Plug everything into the same multiway, turntable, interface, computer.
Are you sure there is no separate earth tag on the turntable?
I notice you say the supplied leads have a separate earth wire, try a different set of phono leads, and wire a separate earth from the turntables earth tag to the interface.
Wish someone had told me this about 20 years ago, was trying to figure out what was wrong with an Amp head,
stuck my hand in, touched a cap…and MAN did that give me a pelt! Not even viagra could make me that stiff!
From the Gemini FAQ page:
Q: What causes the loud hum coming through my system when the turntable is connected?
A: Be sure the ground terminal from your turntable is connected to your mixer ground terminal. If it is connected, there may be a break between the ground wire and the terminal.
One, or more, of the “special” cables may be defective, or have a break in the ground wire?
If the hi-fi doesn’t hum on its’ own (sans TT) then the problem must be with the TT and/or cabling.
Try checking all the TT associated cables for continuity with your multimeter.
my soundcard, oddly enough, has dedicated phono inputs for a turntable, complete with pre-amp and RIAA EQ built-in… plus the ground post
my interpretation of the layout of this TT was that the post on the TT was NOT a ground, just a connector to the internal circuitry of the unit… IOW, not a case of a ground loop
when I detach the eyelet from the post on the TT, the hum goes WAY up in volume
the stylus is attached to the cartridge quite snugly… if I jiggle it, the hum remains the same
the source of hum is not the soundcard, because if I try plugging the TT into 1/4" inputs, I still get hum, and if I plug for example a cassette deck into the phono inputs there isn’t any hum but IT SURE IS F***ING LOUD (due to pre-amp)
although the TT is located far away, the connectors, incl the ground eyelet, are within inches of my CRT monitor. If I turn the monitor off (or unplug it), hum still exists
This sounds (audibly that is) like classic turntable tonearm hum. Oh, wait – if I mess with the wires on the cartridge, the hum attenuates a great deal – still there but perhaps livable. Still, I’d like to eliminate it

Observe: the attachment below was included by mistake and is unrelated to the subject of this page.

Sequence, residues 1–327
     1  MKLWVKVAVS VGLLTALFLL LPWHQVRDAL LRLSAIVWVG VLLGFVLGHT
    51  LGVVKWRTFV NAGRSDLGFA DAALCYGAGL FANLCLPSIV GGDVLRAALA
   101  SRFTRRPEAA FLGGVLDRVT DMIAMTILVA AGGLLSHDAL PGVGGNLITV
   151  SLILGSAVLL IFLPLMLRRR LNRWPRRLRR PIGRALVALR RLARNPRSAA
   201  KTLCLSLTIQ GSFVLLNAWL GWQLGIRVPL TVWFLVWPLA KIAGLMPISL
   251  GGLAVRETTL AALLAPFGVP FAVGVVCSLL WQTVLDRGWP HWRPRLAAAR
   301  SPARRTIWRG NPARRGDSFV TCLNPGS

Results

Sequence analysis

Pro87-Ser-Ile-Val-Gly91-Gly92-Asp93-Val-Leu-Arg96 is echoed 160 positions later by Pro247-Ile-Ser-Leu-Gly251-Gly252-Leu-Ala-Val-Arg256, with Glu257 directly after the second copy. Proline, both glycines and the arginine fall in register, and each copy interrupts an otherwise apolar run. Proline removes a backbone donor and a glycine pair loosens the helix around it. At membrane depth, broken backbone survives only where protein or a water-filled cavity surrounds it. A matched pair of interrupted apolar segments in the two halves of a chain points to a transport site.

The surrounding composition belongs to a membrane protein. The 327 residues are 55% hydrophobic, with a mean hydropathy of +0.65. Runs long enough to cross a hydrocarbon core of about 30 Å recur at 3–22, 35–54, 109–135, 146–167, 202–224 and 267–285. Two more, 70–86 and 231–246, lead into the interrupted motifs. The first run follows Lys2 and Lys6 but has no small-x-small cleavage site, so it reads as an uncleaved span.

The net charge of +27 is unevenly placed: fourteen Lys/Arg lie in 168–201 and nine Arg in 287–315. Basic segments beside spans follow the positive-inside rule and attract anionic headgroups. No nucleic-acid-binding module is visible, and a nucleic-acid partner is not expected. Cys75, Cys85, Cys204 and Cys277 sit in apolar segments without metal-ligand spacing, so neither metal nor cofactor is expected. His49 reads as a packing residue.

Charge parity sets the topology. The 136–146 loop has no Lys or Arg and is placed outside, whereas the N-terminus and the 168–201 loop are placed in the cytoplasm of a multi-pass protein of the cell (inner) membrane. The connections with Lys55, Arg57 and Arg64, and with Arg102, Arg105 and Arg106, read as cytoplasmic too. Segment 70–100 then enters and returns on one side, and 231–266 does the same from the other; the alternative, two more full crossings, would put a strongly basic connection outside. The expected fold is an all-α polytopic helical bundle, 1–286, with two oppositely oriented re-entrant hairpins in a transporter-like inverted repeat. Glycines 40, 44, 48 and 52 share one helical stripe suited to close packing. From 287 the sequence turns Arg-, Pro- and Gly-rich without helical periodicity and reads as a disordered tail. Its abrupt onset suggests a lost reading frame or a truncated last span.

Thank you all for help in this OT issue
DON’T disconnect em…
The amp and yout TT has to have the same ground-connection…
Especially the TT has to be grounded…
You got to have a pre-amp…otherwise it wont work…but…
maybe you run a “Moving-Coil” Systems…if your tt has one of these…
in that case me thinks you dont need to have a pre-amp-----
Maybe someone can clear it up…
PS: What kind (brand) of turntable…???
It works … I have an EMU card, too! 8)
RIAA equalisation is actually recorded onto the record, in effect it knocks the low end off the recording so they can cut the record without over cutting, as the lowend would cause the cutting head to move too extremely. It also allows closer grooves thus more time and louder cutting.
Thus regardless of moving coil or moving magnet the playback has to go through the opposite EQ to restore the bottom end as laid down by the RIAA.
A better explanation can be found here> http://en.wikipedia.org/wiki/RIAA_equalization
Ce n’est pas un EMU
Yup…have read it !!!
Btw: I own a “big knob” it has such inputs, too !!
But i’ve never really tried it…
If i’ve got the time i’ll try it to digitize some of my LP’s
Yeah, I thought the same and I haven’t listened to vinyl records for a while I realize. Popped a record on the player and … WTF! They is waaaaay too wobly and slow. Turns out that the RUBBER BAND that turns the thing around is way old and dry so it’s just stretched out of shape. I might as well buy a new one and that won’t happen this year. It’s back to Ramen noodles, the ultimate student fodder for the rest of the year … But it’s cool and maybe I’ll even learn something?
Then I’ll get rich and buy … a vinyl player??? Has time starting to go backwards lately?
Noo…i’ve “overworked” my old Dual…and it’s sounding =>
Theres nothing about the dynamic of an old turntable…
PS: I have found a site at the i-net with anything about TTs…manuals…and anything you want to…
But it’s lost somewher in my “favorites”…gimme a lil bit time and i’ll post it…
Sounds like “vinylgeaks.com” or slt…